BANGKOK (Reuters Life!) - An orange-robed monk chanted as a teary-eyed, black-clad family prayed quietly in front of a crematorium. A normal Buddhist funeral service in Thailand except for one thing -- the deceased was canine.
Bereaved pet lovers in Bangkok come to Klong Toey Nai temple by the Chao Phraya river to mark the passing of their animal friends with full funeral rites which begin with short prayers by monks, a two-hour cremation, and a trip down the river to spread the ashes.
“She is part of our family. In life, we took her to a grooming salon and a swimming pool. In death, we want to give her the best too,” said Jiraporn Wongwanna, 35, who just lost her 14-year-old terrier-poodle mix, Bai Toey, to liver failure.
In a crowded capital of 15 million people with few owning enough land for burial, many people are opting for cremation for their departed pets, said Sampao Yampradit, a 79-year-old animal lover and undertaker who has performed the service for pets for more than 7 years.
The temple started to cremate stray dogs and cats nearly a decade ago, before they began offering funeral services for pets. Now they perform five to 15 funerals a day.
While most are dogs and cats, the pets have included turtles, fish, rabbits and monkeys.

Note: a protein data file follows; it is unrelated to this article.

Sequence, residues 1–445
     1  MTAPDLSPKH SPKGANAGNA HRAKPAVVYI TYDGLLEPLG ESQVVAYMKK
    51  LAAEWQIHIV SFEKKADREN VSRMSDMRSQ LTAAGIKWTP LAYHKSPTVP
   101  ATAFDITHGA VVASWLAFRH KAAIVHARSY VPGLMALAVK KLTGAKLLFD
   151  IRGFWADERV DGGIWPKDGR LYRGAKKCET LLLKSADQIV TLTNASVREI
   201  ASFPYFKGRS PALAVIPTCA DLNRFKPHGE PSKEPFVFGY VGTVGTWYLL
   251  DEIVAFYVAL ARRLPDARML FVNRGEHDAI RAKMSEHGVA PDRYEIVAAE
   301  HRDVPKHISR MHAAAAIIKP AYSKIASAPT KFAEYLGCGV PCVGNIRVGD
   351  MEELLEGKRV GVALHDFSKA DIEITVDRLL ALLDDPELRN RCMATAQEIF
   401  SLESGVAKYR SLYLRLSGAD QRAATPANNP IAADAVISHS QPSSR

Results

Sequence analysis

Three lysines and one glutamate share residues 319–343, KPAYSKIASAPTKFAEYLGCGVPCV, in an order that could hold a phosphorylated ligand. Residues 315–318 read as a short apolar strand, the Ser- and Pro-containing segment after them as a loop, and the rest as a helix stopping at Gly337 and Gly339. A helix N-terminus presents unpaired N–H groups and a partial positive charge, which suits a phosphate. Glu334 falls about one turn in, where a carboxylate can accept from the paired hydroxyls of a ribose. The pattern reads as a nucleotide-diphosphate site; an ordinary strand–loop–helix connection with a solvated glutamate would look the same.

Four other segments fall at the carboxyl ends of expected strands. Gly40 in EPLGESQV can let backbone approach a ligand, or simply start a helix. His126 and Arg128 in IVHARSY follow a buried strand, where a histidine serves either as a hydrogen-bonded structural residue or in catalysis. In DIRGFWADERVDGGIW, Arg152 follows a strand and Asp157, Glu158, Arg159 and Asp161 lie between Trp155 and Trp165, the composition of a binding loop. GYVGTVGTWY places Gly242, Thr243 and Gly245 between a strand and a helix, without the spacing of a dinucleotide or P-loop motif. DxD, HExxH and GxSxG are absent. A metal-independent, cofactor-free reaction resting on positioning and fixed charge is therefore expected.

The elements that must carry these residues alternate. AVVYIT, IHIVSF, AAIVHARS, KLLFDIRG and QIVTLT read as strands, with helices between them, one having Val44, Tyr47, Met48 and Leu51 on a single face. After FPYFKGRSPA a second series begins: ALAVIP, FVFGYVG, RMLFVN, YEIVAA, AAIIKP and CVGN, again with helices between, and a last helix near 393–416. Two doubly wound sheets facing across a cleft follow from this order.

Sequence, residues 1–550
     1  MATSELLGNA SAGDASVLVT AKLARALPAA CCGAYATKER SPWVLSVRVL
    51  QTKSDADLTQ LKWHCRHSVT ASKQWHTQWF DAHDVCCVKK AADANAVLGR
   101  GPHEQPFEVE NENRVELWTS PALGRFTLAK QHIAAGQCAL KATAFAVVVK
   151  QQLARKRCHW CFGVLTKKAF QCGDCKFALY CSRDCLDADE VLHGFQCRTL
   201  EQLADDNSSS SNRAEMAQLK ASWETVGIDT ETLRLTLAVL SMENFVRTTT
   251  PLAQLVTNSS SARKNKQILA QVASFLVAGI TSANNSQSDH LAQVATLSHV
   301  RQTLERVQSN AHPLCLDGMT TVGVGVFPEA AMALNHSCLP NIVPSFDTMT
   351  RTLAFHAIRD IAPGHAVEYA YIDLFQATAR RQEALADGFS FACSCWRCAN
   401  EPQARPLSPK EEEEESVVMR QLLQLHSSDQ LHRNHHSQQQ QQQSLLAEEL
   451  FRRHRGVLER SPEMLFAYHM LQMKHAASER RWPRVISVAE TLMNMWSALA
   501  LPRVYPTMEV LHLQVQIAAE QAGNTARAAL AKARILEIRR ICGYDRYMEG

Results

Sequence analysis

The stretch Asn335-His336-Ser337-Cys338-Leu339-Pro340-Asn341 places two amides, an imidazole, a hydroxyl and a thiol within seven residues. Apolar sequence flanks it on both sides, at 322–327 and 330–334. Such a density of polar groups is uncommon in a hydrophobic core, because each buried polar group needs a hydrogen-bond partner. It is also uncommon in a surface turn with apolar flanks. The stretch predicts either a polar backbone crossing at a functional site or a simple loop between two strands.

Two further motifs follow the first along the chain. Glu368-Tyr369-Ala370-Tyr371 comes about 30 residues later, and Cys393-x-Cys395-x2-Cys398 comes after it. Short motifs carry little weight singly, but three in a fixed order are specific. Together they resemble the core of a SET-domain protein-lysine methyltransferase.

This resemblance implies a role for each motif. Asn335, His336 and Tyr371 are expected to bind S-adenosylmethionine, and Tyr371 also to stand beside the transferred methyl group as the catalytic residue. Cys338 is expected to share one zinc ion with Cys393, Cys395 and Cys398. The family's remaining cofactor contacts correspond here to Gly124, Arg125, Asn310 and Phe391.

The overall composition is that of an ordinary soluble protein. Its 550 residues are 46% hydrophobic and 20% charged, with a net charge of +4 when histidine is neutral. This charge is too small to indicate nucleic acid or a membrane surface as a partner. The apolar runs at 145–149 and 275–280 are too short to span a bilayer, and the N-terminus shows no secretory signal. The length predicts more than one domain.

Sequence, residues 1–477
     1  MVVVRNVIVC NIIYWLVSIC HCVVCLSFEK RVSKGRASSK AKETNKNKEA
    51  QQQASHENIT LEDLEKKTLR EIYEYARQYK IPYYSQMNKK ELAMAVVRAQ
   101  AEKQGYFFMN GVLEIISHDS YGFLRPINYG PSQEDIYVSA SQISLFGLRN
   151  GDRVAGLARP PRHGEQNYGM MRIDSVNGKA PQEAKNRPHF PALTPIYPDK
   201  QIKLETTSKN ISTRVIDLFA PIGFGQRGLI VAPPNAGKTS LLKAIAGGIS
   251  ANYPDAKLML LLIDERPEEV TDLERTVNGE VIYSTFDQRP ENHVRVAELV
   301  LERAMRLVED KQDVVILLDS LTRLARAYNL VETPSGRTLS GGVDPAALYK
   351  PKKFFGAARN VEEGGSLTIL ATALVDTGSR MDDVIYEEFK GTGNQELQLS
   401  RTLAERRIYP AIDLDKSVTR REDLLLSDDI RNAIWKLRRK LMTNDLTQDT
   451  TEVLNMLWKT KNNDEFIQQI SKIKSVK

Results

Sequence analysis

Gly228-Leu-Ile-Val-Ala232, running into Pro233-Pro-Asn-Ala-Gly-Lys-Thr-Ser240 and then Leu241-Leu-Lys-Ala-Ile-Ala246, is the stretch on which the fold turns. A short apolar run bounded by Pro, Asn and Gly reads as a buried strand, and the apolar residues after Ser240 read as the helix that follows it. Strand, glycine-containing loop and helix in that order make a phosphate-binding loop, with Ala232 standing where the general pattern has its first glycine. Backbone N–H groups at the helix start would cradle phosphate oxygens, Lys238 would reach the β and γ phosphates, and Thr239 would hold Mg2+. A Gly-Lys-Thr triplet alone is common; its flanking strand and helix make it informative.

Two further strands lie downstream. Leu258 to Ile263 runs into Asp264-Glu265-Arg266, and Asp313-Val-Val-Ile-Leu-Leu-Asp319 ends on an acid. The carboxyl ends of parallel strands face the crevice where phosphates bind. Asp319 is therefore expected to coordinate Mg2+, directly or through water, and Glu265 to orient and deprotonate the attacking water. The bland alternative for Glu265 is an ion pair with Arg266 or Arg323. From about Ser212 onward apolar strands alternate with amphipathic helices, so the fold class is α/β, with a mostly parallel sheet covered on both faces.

“It’s a Buddhist belief that cremation sends you forward into the next life while a burial might not do that,” Sampao said, dropping chips of fragrant wood and flowers into the incinerator.
Jiraporn, her father, and two cousins attended the ceremony, watching Bai Toey’s furry body gently pushed into the pyre.
The cost of a cremation is 1,800 baht ($60), including the boat service to spread the ashes. Cremation of dogs heavier than 20 kg (44 lb) costs 2,000 baht and those who want a gold-plated wooden coffin will have to pay another 3,000 baht.
“People are willing to pay for it. It’s a good way to say goodbye,” Sampao said. The temple in the capital, which has an estimated 800,000 or more homeless dogs, also offers free services for those who bring in strays but cannot afford to pay.
The monk chanted, asking Jiraporn and her family to repeat after him: “This life cycle is completed. We pray that Bai Toey be born in the next life blessed with prosperity and good health, in a better form, like one of a human.”
Editing by Sugita Katyal